Defusing a bash forkbomb in netbsd

What happened...
Some one posted on atomicmpc about forkbomb. This lead to me googling forkbombs and arriving at an article that looked at how forkbombs affected modern linux distributions and *BSD. I quote:
I'll admit that I held my breath for a few seconds as I keyed the script into my NetBSD laptop, and then ran it. I was pleasantly surprised when the attack had no effect, confirming that I wasn't losing my mind after all -- limits had been put in place to prevent a normal user from crippling the entire system. Exactly as one would expect.
Naturally I wanted to test this. I have a netbsd box running on an old ibook with the following uname -a:
NetBSD eva00 1.6.2 NetBSD 1.6.2 (GENERIC) #0: Tue Feb 10 23:52:52 UTC 2004 autobuild@tgm.netbsd.org:/autobuild/netbsd-1-6-PATCH
GENERIC macppc
Quickly I typed up a cheap bash forkbomb that's not even as cool as
:(){ :|:&};: -
$0 &
exec $0
Merrily I executed the script in my normal account over SSH... and watched as things slowed down to a crawl. SSH timed out, and local login from the keyboard generated a delay of about 60 seconds from keystroke to echo. Normally one would reboot and install quotas, but this box had good uptime! I wanted to keep it so I set my self the slightly harder task of defusing the fork bomb.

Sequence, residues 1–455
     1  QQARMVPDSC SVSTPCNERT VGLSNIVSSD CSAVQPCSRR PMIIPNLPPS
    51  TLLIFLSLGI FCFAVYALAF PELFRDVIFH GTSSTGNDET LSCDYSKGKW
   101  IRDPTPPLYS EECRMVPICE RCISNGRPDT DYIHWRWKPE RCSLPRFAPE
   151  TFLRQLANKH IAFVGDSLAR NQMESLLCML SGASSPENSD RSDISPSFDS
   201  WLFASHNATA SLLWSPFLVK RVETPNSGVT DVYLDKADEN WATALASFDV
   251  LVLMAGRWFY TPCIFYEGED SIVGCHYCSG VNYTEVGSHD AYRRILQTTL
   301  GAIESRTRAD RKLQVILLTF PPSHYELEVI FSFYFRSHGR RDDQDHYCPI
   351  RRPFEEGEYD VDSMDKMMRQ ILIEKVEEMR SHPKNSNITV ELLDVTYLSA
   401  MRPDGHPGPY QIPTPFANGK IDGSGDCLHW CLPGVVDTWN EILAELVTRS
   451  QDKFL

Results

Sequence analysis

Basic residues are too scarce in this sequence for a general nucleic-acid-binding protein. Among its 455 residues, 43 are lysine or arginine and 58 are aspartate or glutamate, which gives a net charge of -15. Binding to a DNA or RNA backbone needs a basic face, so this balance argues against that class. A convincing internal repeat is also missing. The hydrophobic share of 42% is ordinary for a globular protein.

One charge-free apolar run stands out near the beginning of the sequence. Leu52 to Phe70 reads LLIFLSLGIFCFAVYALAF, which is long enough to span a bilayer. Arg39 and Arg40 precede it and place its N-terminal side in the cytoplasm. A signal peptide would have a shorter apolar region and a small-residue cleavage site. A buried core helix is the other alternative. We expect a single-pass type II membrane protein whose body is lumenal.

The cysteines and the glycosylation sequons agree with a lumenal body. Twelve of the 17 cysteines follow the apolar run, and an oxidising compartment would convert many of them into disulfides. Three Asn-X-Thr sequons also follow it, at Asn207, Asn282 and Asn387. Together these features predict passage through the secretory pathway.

How it was done
I knew I had to some how stop the processes, not kill them because killing them will simply free up resource which would immediately be taken over. ni suggested to use SIGSTOP. To my knowledge POSIX defines a set of signals which can be send to processes. One of these is SIGSTOP which can not be caught or ignored. It causes the process in question to stop. Yes it surprised me too.

So now we know how to halt it and bob's our uncle right? Not yet. The problem was there were over 400 bash processes happily consuming what little resources there were and given the 60 second delay its silly to try and manually halt every one of them. In the absence of killall I devised the following:
ps ax | grep bash | grep -v grep | awk '{print $1}' | xargs kill -STOP
Which worked! After I spent about an hour typing it in. Then the STOP was replaced with -9 and ran again to kill the processes and reclaim my resources. A problem with the above is that it had a large collateral damage. A better script would have been:
ps axu user | grep bash | grep -v grep | awk `{print $2}' | xargs kill -STOP
So next time...
Implement user process quotas!